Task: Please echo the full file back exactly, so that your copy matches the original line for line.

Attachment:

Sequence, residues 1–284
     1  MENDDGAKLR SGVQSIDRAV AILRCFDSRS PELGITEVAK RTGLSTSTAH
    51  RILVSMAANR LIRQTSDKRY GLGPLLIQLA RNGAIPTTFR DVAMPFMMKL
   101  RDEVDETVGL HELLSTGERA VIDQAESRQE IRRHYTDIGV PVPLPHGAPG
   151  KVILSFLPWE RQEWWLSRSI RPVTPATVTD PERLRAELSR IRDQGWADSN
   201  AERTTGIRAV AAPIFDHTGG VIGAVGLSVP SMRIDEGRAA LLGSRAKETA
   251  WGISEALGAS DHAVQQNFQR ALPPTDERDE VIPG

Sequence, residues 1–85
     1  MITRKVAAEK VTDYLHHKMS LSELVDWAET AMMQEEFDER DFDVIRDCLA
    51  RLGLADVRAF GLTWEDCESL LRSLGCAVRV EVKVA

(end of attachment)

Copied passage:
Sequence, residues 1–284
     1  MENDDGAKLR SGVQSIDRAV AILRCFDSRS PELGITEVAK RTGLSTSTAH
    51  RILVSMAANR LIRQTSDKRY GLGPLLIQLA RNGAIPTTFR DVAMPFMMKL
   101  RDEVDETVGL HELLSTGERA VIDQAESRQE IRRHYTDIGV PVPLPHGAPG
   151  KVILSFLPWE RQEWWLSRSI RPVTPATVTD PERLRAELSR IRDQGWADSN
   201  AERTTGIRAV AAPIFDHTGG VIGAVGLSVP SMRIDEGRAA LLGSRAKETA
   251  WGISEALGAS DHAVQQNFQR ALPPTDERDE VIPG

Sequence, residues 1–85
     1  MITRKVAAEK VTDYLHHKMS LSELVDWAET AMMQEEFDER DFDVIRDCLA
    51  RLGLADVRAF GLTWEDCESL LRSLGCAVRV EVKVA